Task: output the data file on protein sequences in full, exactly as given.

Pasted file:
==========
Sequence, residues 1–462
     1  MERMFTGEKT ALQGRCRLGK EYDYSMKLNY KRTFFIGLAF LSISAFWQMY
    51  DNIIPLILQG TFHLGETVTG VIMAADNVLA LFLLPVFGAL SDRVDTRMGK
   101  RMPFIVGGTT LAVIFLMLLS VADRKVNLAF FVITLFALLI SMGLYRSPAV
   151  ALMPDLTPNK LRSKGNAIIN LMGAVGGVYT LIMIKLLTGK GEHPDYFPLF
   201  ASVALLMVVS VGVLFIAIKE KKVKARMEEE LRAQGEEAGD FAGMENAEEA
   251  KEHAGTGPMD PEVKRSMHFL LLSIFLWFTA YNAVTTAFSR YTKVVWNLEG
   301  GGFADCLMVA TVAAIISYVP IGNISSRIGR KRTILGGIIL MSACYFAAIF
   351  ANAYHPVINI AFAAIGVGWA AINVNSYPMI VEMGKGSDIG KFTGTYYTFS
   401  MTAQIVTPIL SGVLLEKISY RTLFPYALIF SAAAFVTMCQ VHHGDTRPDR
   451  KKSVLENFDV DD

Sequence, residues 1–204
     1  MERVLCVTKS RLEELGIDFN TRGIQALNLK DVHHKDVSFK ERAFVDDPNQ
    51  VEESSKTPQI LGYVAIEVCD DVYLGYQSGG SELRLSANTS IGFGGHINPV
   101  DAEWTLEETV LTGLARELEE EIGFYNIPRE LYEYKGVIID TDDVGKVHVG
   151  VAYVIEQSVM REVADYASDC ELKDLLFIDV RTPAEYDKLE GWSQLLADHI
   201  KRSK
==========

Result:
Sequence, residues 1–462
     1  MERMFTGEKT ALQGRCRLGK EYDYSMKLNY KRTFFIGLAF LSISAFWQMY
    51  DNIIPLILQG TFHLGETVTG VIMAADNVLA LFLLPVFGAL SDRVDTRMGK
   101  RMPFIVGGTT LAVIFLMLLS VADRKVNLAF FVITLFALLI SMGLYRSPAV
   151  ALMPDLTPNK LRSKGNAIIN LMGAVGGVYT LIMIKLLTGK GEHPDYFPLF
   201  ASVALLMVVS VGVLFIAIKE KKVKARMEEE LRAQGEEAGD FAGMENAEEA
   251  KEHAGTGPMD PEVKRSMHFL LLSIFLWFTA YNAVTTAFSR YTKVVWNLEG
   301  GGFADCLMVA TVAAIISYVP IGNISSRIGR KRTILGGIIL MSACYFAAIF
   351  ANAYHPVINI AFAAIGVGWA AINVNSYPMI VEMGKGSDIG KFTGTYYTFS
   401  MTAQIVTPIL SGVLLEKISY RTLFPYALIF SAAAFVTMCQ VHHGDTRPDR
   451  KKSVLENFDV DD

Sequence, residues 1–204
     1  MERVLCVTKS RLEELGIDFN TRGIQALNLK DVHHKDVSFK ERAFVDDPNQ
    51  VEESSKTPQI LGYVAIEVCD DVYLGYQSGG SELRLSANTS IGFGGHINPV
   101  DAEWTLEETV LTGLARELEE EIGFYNIPRE LYEYKGVIID TDDVGKVHVG
   151  VAYVIEQSVM REVADYASDC ELKDLLFIDV RTPAEYDKLE GWSQLLADHI
   201  KRSK